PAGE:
Health Insurance: Vulnerable Payers Lose Billions to Fraud and Abuse : Report to the Chairman, Subcommittee on Human Resources and Intergovernmental Relations, Committee on Government Operations, House of Representatives
The Office, 1992 - 34 pages
ability abusive providers actions activities administrative agencies Association assurance beneficiaries billing Billions to Fraud Blue budget carriers cause centers civil claims claims processing collaborative commission complaints concerns considerable contractors costs criminal Department detection developing difficult effect efforts establish example facilities federal fiscal Fraud and Abuse fraudulent health care fraud health insurance fraud hospital Human identify inappropriate increased Inspector insurance companies interest investigative investment involved issues kickbacks laboratories labs licensing limited losses Management Medicare and Medicaid National Health Office operations patients Payers Lose Billions payment percent physician ownership physicians plans potential practices private insurers private payers problems processing prosecution prosecutorial providers pursuing pursuit recover reduce referrals regulation relating responsible result rolling-labs safeguards scheme sector share single spending statutes tests types Units unnecessary Vulnerable Payers Lose
Page 18 - Council recommends that, in general, physicians should not refer patients to a health care facility outside their office practice at which they do not directly provide care or services when they have an investment interest in the facility.
Page 32 - GAO report on contractors' performance in fiscal years 1983-87 includes data relating to (1) Medicare claims processing times and accuracy; (2) review of appealed claims cases; (3) processing of hearings related to appealed claims; (4) written, telephone, and walk-in inquiries by beneficiaries and providers; and (5) education of beneficiaries and providers about Medicare coverage and requirements. Medicaid: Improvements Needed in Programs to Prevent Abuse (GAO/HRD-87-75, Sept. 1987). GAO evaluated...
Page 3 - Schemes of this nature highlight several serious problems facing public and private payers. First, large financial losses to the health care system can occur as a result of even a single scheme. Second, fraudulent providers can bill insurers with relative ease. Third, efforts to prosecute and recover losses from those involved In the schemes are costly.
Page 28 - July 1991). Fraud and abuse controls in the Federal Employees Health Benefits Program were reviewed. GAO recommended changes to internal controls and program oversight that would minimize vulnerability to fraud and abuse. Medicare Claims Processing: HCFA Can Reduce the Disruptions Caused by Replacing Contractors (GAO/HRD-SI-M, Apr.
Page 2 - Frequently cited fraudulent or abusive practices include overcharging for services provided, charging for services not rendered, accepting bribes or kickbacks for referring patients, and rendering inappropriate or unnecessary services.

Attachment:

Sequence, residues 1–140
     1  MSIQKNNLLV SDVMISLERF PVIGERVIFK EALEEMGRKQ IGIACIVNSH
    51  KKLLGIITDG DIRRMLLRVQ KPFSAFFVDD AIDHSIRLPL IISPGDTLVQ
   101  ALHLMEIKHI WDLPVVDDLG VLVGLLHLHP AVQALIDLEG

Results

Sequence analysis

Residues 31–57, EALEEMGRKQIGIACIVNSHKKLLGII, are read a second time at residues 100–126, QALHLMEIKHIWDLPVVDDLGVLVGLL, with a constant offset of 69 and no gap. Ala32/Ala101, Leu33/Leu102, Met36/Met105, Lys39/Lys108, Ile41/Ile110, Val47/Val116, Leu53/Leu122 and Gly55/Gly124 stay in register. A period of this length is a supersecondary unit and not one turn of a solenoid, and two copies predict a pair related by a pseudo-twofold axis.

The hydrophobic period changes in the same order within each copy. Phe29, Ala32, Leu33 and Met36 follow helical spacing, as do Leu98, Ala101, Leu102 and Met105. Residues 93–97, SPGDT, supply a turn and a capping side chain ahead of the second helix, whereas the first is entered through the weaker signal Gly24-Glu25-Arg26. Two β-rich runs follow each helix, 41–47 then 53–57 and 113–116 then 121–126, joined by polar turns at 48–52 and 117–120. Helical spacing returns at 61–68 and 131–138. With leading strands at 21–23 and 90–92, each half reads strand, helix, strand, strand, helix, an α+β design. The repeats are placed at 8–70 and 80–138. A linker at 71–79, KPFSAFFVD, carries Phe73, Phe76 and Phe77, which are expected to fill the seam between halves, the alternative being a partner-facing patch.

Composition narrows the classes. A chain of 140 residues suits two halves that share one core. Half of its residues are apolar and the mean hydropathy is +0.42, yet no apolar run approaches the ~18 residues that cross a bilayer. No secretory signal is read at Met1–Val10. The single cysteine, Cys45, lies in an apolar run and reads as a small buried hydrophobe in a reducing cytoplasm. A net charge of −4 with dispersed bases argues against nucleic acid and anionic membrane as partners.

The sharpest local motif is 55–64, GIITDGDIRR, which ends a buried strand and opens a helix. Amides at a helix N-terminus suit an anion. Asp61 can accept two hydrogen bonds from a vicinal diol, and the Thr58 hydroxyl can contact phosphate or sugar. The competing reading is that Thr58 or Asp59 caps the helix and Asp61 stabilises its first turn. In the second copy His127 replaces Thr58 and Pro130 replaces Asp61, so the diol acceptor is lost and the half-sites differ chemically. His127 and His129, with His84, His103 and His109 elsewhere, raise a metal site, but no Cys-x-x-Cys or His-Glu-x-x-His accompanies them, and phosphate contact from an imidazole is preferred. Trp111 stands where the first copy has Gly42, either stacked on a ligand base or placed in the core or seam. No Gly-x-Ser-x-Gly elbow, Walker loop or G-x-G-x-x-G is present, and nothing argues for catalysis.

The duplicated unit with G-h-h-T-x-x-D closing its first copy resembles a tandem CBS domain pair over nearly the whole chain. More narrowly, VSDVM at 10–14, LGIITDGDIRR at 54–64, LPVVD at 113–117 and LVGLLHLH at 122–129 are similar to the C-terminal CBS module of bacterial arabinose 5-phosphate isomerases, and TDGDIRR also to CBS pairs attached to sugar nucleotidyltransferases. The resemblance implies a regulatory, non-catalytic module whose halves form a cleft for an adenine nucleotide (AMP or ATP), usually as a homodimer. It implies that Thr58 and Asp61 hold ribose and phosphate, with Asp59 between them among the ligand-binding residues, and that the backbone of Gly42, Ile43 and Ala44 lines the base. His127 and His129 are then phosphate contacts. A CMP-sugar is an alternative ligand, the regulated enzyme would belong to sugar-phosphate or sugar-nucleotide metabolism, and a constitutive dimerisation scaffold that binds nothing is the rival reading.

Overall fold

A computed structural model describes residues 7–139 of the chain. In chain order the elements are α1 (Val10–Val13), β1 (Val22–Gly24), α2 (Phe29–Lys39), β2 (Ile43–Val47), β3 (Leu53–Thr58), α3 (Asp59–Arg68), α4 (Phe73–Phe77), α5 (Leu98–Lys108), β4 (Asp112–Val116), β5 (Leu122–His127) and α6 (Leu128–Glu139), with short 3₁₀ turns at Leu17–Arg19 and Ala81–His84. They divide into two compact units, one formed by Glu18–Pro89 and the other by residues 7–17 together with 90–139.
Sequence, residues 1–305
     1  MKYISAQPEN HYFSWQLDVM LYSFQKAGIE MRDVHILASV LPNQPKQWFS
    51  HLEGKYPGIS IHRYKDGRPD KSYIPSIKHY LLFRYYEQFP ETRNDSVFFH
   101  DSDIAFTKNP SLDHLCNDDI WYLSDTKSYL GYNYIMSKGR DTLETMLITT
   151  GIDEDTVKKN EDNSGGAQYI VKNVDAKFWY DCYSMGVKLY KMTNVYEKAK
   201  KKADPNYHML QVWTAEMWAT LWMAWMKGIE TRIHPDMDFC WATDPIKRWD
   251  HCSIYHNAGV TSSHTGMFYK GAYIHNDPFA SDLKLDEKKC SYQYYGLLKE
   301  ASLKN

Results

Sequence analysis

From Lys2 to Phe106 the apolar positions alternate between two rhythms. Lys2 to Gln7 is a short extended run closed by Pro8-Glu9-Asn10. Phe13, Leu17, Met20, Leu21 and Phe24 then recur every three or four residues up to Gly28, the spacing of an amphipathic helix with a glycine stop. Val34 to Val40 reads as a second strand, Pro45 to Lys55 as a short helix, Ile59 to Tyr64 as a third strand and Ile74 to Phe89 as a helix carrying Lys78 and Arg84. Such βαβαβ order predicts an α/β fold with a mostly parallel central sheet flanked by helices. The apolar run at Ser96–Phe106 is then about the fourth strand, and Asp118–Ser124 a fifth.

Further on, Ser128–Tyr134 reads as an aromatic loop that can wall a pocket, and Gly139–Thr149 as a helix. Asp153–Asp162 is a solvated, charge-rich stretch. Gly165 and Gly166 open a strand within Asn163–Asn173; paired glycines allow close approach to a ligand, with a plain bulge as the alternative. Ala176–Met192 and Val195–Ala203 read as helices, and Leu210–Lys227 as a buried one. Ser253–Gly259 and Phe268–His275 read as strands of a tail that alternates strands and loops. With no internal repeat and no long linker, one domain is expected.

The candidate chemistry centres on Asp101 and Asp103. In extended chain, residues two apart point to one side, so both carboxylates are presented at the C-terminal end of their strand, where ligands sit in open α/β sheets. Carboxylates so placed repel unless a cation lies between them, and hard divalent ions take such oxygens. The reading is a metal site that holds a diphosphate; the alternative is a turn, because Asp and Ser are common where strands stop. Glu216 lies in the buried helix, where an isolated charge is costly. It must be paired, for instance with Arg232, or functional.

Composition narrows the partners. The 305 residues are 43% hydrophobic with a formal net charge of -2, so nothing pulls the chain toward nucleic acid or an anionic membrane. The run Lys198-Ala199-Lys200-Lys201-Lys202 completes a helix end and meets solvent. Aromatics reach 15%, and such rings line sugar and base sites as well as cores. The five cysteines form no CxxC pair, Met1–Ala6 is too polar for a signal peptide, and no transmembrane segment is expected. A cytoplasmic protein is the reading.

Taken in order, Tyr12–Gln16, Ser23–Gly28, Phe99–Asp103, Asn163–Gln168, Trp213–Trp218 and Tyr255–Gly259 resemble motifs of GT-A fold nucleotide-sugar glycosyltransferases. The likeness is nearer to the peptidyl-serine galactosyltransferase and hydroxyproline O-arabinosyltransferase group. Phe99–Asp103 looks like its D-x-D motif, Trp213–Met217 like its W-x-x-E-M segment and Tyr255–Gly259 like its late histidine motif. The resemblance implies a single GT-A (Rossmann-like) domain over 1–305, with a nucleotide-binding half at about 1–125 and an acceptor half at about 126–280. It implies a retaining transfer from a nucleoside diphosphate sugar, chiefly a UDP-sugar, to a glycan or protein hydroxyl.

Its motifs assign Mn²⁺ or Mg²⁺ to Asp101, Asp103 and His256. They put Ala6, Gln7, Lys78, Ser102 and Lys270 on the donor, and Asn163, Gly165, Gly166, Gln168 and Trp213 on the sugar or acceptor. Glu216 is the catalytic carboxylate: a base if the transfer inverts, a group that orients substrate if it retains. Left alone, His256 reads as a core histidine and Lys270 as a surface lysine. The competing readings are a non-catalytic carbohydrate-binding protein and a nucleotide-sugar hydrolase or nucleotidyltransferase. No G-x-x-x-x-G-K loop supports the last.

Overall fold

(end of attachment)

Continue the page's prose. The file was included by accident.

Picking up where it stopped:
Page 4 - Thus the provider who bills for more than 24 hours of visits on a single day might not be discovered when claims are split among many insurers.
Page 24 - It will take some time, however, to hire and train these staff and thus to implement expanded safeguard programs. The Inspector General also cites resource constraints as a major impediment to investigating and pursuing many types of fraud and abuse. For example, the Deputy Inspector General stated that his office's responsibility for enforcing civil monetary penalty statutes has substantially increased to more than 80 statutes in recent years. The number of Inspector General investigators has remained...
Page 4 - Physicians frequently invest in medical facilities but are not always required to disclose their investment in facilities to which they refer patients. (See app. I. p. 19.) Anti-kickback statutes are not always applicable to providers profiting under private insurance from their patient referrals. (See app. I, p. 19.) Problema with Prosecuting Fraud and Abuse Successful prosecutions may not result in insurers recovering their money.
Page 1 - Human Resources Division B-246412 May 7, 1992 The Honorable Ted Weiss Chairman, Subcommittee on Human Resources and Intergovernmental Relations Committee on Government Operations House of Representatives Dear Mr. Chairman: The size of the health care sector and sheer volume of money involved make it an attractive and relatively easy target for fraudulent and abusive providers. Expected to total nearly $700 billion in 1991, health care spending will consume over 12 percent of our gross national product;...
Page 2 - ... include overcharging for services provided, charging for services not rendered, accepting bribes or kickbacks for referring patients, and rendering inappropriate or unnecessary services. Both fraud and abuse result in unnecessary costs to the insurer, but fraud generally involves a willful act. As a practical matter, whether and how a wrongful act is addressed can depend on the size of the financial loss incurred and the quality of the evidence establishing Intent. For example, small claims are...